Retirees and pensioners who receive a state or private pension or other benefits (for example a disability pension) of at least US$ 1000 per month or the equivalent in any other currency can apply for a permanent residency in Peru called Rentista Visa.
For each dependent (such as a spouse) who should be included in the visa, the proof of an additional US$ 500 is required.
Peruvian consulates abroad usually don’t issue retirement visas anymore; it must be applied for in Peru. So, if you are planning to live as a retiree in Peru, you enter the country as a tourist and then change your immigration status – make a so called cambio de calidad migratoria - at the Peruvian immigration office Migraciones.
Please be aware that you are not allowed to work or receive a remuneration for any kind of professional activity in Peru when living in the country on a retirement visa.
Requirements for a Peruvian retirement visa
As soon as you arrived in Peru, you should start with the application process for your retirement visa. Please note that you have to be in the country on a valid visa (for example a tourist visa) when applying for the visa.
Required documents to apply for a retirement visa include, but may not be restricted to:
- Application form F-004
- Receipt from the Banco de la Nacion (code 1814) for paid application fee (according to the Migraciones website S/.117.60 in 2017)
- Passport and copy of the pages with the personal information and entry stamp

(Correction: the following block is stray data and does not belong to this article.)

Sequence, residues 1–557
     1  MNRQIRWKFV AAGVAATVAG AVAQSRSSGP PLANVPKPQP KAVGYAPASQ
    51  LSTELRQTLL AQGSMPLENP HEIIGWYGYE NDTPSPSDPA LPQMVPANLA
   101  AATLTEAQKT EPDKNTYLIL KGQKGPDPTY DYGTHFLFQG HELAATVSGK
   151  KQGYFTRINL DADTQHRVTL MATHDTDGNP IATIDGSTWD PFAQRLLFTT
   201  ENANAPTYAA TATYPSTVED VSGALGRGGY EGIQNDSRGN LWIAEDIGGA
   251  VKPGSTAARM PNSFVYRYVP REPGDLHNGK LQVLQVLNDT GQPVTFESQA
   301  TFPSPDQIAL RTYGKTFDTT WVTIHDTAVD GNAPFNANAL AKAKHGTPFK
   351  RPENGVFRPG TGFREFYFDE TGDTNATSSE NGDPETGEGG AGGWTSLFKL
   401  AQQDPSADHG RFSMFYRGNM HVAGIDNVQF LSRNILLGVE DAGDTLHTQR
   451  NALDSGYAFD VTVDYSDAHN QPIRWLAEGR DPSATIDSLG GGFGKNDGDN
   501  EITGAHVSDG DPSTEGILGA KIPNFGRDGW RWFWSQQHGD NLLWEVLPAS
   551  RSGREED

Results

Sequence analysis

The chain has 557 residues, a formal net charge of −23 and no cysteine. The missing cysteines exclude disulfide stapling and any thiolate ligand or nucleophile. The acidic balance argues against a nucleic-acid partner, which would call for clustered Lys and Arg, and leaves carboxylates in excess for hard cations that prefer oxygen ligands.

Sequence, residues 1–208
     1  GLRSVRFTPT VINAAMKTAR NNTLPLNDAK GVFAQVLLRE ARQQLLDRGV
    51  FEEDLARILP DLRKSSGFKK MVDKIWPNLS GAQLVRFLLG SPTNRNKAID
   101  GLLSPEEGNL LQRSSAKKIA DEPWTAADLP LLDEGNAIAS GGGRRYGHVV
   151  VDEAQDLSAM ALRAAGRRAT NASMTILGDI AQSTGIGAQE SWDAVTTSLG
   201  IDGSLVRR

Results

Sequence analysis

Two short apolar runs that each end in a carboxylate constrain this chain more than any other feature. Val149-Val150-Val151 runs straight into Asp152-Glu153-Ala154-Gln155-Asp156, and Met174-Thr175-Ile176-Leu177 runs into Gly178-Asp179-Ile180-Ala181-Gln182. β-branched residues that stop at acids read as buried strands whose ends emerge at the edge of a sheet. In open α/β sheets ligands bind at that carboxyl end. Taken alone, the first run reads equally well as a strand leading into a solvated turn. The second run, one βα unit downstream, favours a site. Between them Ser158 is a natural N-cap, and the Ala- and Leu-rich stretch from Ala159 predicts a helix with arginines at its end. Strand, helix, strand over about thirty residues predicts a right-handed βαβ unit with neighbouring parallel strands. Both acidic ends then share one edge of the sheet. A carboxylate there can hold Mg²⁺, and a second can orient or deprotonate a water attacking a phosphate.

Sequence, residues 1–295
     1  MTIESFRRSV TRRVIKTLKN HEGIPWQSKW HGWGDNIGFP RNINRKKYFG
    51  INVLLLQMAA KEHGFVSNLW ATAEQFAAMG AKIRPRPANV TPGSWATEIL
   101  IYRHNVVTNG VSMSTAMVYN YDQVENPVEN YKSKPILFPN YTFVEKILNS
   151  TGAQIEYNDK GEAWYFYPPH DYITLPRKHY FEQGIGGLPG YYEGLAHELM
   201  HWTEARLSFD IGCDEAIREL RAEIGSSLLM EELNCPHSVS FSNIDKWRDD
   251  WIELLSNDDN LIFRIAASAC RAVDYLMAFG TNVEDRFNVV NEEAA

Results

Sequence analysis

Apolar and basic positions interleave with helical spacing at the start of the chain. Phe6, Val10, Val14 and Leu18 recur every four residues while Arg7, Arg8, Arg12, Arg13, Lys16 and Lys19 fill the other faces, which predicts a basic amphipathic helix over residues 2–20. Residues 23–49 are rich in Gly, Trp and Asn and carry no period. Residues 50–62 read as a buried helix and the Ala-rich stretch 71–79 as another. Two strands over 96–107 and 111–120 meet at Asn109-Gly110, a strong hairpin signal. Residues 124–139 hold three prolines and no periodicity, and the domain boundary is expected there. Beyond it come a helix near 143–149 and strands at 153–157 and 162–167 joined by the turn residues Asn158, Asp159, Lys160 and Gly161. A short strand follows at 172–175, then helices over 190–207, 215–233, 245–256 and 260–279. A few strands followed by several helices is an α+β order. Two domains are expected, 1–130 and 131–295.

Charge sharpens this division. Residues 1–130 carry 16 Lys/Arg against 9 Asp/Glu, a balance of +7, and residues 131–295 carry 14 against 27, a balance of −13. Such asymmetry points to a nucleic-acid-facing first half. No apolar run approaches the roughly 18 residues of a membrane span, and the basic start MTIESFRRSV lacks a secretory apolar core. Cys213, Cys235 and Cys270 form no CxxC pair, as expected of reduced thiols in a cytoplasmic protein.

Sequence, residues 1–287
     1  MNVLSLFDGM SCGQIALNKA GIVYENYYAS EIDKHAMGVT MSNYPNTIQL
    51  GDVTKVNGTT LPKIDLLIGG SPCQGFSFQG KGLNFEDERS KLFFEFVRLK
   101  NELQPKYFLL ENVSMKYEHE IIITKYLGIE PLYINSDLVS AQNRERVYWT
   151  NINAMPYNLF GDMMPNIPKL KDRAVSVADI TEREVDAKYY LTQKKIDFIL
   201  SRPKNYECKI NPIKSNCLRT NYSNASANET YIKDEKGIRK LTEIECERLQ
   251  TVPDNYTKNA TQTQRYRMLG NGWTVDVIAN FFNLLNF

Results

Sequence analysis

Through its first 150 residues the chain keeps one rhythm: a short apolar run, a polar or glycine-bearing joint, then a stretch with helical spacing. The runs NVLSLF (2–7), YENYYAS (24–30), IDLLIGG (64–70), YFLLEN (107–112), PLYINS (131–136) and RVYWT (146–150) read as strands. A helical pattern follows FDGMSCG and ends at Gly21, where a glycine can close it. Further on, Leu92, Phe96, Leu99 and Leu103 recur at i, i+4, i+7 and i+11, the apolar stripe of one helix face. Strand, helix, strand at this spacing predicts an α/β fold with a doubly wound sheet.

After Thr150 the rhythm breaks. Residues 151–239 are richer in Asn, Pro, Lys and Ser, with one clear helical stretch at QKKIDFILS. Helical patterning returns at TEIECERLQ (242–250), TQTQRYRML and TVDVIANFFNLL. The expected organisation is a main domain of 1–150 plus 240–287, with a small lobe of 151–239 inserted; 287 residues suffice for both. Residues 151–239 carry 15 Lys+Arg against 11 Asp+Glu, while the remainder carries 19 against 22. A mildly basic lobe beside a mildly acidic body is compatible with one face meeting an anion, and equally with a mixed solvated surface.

- Letter from your pension fund or social security stating that you receive a monthly income of at least US$ 1000 or the equivalent in any other currency. This letter needs an apostille from the respective public institution in the country of origin (or has to be legalized by a Peruvian consulate abroad and the Ministry of Foreign Affairs in Peru). Once in Peru the document has to be translated into Spanish by an official translator.
- Letter issued by a notary in Peru stating that you wish to apply for a rentista visa and confirming that you can fulfil the requirements
- Sworn statement (declaracion jurada) issued by a notary in Peru stating that you don’t have a criminal record in Peru or any other country
As visa requirements can change quickly without prior notice, we highly recommend to confirm current visa regulations with the Peruvian immigration authority Migraciones.
Applying for a retirement visa in Peru
Applying for a retirement visa is a simple and straightforward process, but might be a little confusing here and there and time-consuming, especially if you are not familiar with Peruvian bureaucracy. Nevertheless, you can do the whole process on your own and don’t need the help of a lawyer or so-called tramitador. Even though you have to make an appointment on the Migraciones website to apply for your resident visa, be prepared to wait in line for some time when arriving. Seating at least in Lima is available or can surely be arranged. Be aware that according to Peruvian law seniors over the age of 65 have the right to a preferential treatment in Peru. If necessary, ask for it. Please be aware as well that only Spanish is spoken at Migraciones.